Correction: when we listed Christian Laettner and Bobby Hurley, we meant to put Grant Hill there too but forgot. Obviously he’s one of Duke’s very best players, no worse than Top Three and arguably the best. So let’s just amend this and make it the Top 21.
With the Krzyzewski era over, it seems like a good time to rethink the Top 20 Duke players of all time.
Most of us aren't really qualified to do this simply because we lack the personal or historical perspective to do it. We’re pretty sure no one reading this saw Bill Werber at Duke, since he graduated in 1930, and not too many can remember the great Dick Groat, who finished in 1951 and who is now 92.
And then there are the guys who played at Duke in the Bubas era, in the 1960’s, when the program was still segregated.
Duke had Art Heyman, Jeff Mullins, Jack Marin, Bob Verga and Mike Lewis, among others, during the Bubas years. During the same time, guys like Cazzy Russell, Dave Bing, Walt Hazzard, Elvin Hayes and Kareem Abdul-Jabbar played at other schools around the country.
Then in the 1970s, you had Mike Gminski, Jim Spanarkel, Gene Banks and Kenny Dennard.
Only then do you get to the rather lengthy Krzyzewski era, which really you could subdivide in any number of ways. Forty-two years is a long time.
What surprised us is how many guys we had to leave off, including Billy King, Dennard, Tate Armstrong, Mike Lewis, David Henderson, Mark Alarie, Shelden Williams, Marvin Bagley, Jayson Tatum, Paolo Banchero and so many others.
All that said, here’s a stab at the best players in Duke history, listed but not ranked.
- Dick Groat: anyone who leads the nation in scoring and assists is, by definition, great
- Art Heyman: really he was the guy who helped kick Duke into Final Four team.
- Jeff Mullins: He was just a shade behind Heyman and no one surpassed his intensity until Christian Laettner showed up.
- Gene Banks: perhaps the most important player in Duke history other than Heyman, Banks was the first great African-American player to enroll at Duke, paving the way for players like Johnny Dawkins, Grant Hill and Zion Williamson.
- Mike Gminski: Duke’s first dominant big man, he arrived in Durham at 16 and was a huge (no pun intended) success.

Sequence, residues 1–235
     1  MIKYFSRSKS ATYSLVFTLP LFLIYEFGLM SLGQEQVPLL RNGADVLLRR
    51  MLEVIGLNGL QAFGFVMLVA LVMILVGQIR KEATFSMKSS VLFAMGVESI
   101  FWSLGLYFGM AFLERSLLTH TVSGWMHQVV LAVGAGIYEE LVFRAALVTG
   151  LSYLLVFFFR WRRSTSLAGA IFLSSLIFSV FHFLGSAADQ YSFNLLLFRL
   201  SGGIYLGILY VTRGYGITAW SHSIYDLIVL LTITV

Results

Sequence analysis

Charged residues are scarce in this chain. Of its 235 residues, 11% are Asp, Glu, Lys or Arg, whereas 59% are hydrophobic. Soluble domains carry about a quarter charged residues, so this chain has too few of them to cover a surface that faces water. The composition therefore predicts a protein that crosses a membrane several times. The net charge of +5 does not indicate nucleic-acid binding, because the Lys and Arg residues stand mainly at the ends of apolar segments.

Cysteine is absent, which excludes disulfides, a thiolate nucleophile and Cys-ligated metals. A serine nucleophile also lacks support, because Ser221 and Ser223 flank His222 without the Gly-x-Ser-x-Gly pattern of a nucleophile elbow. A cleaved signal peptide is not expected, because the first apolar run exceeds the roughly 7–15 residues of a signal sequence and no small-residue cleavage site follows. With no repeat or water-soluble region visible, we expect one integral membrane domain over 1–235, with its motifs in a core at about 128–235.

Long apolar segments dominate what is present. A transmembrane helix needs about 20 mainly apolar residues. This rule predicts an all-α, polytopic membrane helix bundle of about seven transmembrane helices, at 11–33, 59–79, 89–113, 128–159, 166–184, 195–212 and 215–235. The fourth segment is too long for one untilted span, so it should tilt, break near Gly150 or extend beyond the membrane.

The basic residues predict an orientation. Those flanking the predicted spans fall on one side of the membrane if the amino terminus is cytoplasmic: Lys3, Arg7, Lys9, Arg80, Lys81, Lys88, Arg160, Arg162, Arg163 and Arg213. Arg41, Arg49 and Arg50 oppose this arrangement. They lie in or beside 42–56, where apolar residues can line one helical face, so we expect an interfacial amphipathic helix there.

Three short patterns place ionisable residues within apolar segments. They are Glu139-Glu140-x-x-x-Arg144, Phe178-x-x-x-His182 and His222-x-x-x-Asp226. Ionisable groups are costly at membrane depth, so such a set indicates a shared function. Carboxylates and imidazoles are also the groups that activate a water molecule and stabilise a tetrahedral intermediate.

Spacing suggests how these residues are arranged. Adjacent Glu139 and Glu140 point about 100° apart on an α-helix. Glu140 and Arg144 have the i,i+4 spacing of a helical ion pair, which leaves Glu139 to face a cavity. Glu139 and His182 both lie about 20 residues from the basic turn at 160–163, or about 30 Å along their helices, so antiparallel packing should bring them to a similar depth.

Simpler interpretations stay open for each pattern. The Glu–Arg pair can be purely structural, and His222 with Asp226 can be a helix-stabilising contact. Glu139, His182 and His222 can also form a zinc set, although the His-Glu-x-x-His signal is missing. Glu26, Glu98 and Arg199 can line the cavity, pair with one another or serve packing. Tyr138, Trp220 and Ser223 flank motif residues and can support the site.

- Johnny Dawkins: Mike Krzyzewski’s first great recruit, Dawkins was instrumental in getting Coach K’s program off the launching pad.
- Tommy Amaker: an uncannily smart point guard and a superb defender, Amaker was a perfect complement to Dawkins and helped Duke to the 1986 title game.
- Danny Ferry. Coach K’s first great stretch-four, Ferry had an amazing four-year run as a Blue Devil.
- Christian Laettner: he needs no introduction. Laettner remains one of the most iconic players in NCAA history.
- Bobby Hurley: a terrier of a point guard, Hurley still holds the NCAA assist record he set 30 seasons ago.
- Grant Hill. Possibly the greatest player ever at Duke.
- Trajan Langdon: the Alaskan Assassin was a superb three point shooter and a very solid all-around player.
- Chris Carrawell: a very unusual player, C-Well just got it done, and it didn't matter who he was up against.
- Elton Brand: the burly New Yorker had a tremendous two-year run in Cameron before becoming one of Duke’s first early departures to the NBA.
- Shane Battier: in many ways the perfect Duke player, Battier led Duke to the 2001 national title.
- Mike Dunleavy: he came to Duke as a very slender freshman and left as a polished, 6-9 forward who enjoyed a long NBA career.
- Jason Williams: simply a brilliant talent who could take over a game in a heartbeat, as we saw at Maryland in the Miracle Minute.
- JJ Redick: the greatest offensive force in the history of Duke and, arguably, the ACC.
- Jon Scheyer: constantly underrated, his move to point guard in his senior season helped Duke to the 2010 national title. We used to watch him and marvel how long he went between mistakes. Simply brilliant.
- Tyus Jones. Every bit as smart a point guard as a freshman as Scheyer was as a senior.
- Zion Williamson. The guy lit the basketball world on fire at Duke. His games against Kentucky and Virginia will be talked about for years to come.